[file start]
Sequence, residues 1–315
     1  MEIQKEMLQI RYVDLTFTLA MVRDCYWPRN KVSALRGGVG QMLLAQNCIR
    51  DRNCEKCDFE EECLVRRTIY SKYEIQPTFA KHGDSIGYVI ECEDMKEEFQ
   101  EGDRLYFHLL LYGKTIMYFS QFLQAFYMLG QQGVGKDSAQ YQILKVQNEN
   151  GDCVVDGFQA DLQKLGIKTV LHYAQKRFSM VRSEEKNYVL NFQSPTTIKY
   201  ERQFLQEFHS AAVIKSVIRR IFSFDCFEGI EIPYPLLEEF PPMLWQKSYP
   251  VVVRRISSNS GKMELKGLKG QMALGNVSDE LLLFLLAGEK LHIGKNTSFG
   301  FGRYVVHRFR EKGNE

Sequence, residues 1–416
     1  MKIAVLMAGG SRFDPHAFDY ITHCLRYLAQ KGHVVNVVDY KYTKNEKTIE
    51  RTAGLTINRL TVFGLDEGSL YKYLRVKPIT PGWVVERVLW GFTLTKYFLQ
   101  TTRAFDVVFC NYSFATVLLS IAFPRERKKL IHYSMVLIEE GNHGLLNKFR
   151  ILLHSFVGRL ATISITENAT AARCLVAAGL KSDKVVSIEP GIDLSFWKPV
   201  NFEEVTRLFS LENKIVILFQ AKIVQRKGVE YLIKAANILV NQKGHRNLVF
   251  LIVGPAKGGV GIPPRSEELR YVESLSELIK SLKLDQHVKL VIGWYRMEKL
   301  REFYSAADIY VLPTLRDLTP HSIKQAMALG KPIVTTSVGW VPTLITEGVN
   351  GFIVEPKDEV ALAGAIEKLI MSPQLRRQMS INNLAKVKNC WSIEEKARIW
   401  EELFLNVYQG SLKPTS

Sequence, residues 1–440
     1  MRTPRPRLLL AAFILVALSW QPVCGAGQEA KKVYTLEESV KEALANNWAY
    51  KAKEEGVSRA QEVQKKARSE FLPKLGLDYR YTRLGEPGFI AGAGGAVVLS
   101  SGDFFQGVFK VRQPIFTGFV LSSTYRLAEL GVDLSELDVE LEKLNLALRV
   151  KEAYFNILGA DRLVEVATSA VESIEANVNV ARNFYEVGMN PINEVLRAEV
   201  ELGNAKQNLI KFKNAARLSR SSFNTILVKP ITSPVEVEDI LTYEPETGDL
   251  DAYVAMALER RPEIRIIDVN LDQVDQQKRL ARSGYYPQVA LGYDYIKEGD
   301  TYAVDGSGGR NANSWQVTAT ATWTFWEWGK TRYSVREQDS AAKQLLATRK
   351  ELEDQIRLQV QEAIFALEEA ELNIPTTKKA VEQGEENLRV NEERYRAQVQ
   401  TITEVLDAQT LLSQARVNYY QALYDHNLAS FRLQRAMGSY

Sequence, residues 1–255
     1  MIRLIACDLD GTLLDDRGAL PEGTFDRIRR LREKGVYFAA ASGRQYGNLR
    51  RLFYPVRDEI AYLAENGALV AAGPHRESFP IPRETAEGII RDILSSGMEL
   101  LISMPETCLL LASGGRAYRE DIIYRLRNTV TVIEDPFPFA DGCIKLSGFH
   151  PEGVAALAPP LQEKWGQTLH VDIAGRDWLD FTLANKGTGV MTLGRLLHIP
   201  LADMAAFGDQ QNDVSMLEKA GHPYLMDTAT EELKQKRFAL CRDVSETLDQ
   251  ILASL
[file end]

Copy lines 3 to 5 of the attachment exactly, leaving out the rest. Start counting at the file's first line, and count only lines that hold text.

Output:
    51  DRNCEKCDFE EECLVRRTIY SKYEIQPTFA KHGDSIGYVI ECEDMKEEFQ
   101  EGDRLYFHLL LYGKTIMYFS QFLQAFYMLG QQGVGKDSAQ YQILKVQNEN
   151  GDCVVDGFQA DLQKLGIKTV LHYAQKRFSM VRSEEKNYVL NFQSPTTIKY